While location might not be everything when it comes to health and fitness, research shows that where you live certainly plays a role. It’s clear when you look at America’s fittest cities that local resources, infrastructure and even businesses in the area all play a role in the wellbeing of the population. The same can be said for America’s least fit cities, whose residents struggle with obesity most often because of high poverty rates and local tradition that places so much importance on food.
Regional factors affecting the health of the population is expected, but recent research suggests another, more subtle factor may be helping to determine weight in cities all over the world. That factor is altitude.
According to a study published last week in the Journal PLoS One, U.S. service members were more likely to maintain healthier weights when stationed at higher altitudes than those located closer to sea level.
Nearly 100,000 active members of the U.S. Army and Air Force were tracked for seven years and researchers reviewed data on their health and living locations. The study ultimately found that overweight individuals were 41 percent less likely to gain weight (which would then classify them as clinically obese) when they were stationed at higher locations.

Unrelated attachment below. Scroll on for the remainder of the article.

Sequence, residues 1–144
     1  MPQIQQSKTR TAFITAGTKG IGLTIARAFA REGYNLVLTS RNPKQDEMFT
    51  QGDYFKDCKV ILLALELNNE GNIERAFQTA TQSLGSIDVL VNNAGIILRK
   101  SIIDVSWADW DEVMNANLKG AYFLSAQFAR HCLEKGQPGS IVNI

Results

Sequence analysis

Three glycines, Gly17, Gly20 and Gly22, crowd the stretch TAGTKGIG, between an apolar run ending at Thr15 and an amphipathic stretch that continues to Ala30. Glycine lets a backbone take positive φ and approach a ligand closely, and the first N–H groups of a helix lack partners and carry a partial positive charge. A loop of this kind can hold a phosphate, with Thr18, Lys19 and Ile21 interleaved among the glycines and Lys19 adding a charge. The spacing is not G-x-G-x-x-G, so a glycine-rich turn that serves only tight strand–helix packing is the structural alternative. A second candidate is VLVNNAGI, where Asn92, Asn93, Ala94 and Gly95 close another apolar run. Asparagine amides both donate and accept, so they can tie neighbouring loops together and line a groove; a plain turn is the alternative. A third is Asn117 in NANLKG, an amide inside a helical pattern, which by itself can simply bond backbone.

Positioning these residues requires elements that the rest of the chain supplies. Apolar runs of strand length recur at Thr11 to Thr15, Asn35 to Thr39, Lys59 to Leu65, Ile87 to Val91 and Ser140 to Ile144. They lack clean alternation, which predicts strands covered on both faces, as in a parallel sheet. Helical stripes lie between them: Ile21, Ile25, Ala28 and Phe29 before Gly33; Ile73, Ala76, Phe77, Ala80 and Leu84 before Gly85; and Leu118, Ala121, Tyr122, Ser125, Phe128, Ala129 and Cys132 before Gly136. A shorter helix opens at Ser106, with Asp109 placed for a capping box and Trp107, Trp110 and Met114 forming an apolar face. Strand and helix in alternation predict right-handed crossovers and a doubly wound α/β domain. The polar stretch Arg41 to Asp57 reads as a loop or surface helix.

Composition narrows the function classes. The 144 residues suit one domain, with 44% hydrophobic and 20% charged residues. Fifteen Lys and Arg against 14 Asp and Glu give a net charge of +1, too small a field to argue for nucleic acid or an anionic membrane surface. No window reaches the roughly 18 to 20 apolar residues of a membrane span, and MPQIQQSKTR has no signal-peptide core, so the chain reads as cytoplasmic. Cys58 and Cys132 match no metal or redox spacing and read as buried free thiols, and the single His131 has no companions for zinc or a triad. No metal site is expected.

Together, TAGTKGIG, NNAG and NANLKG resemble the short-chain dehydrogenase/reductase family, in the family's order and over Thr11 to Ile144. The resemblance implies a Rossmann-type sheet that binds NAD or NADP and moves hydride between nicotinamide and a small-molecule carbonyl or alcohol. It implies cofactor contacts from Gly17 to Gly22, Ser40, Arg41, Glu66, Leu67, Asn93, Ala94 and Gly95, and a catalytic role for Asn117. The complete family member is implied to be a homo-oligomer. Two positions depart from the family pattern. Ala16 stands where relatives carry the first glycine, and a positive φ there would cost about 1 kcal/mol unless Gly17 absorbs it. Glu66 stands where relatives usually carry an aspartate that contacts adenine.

The scientific explanation behind it is pretty simple. At higher elevations, the air is thinner and you aren’t able to inhale as much oxygen. With less oxygen coming in, your body overcompensates, producing more red blood cells. Those extra red blood cells are thought to produce more hormones which help control hunger. You tend to weigh less, when your body isn’t telling you to eat as often.
This is not the first study involving weight control and altitude. Another study published in the International Journal of Obesity in 2013 concluded that, on average, those living at the lowest altitudes had the highest BMIs.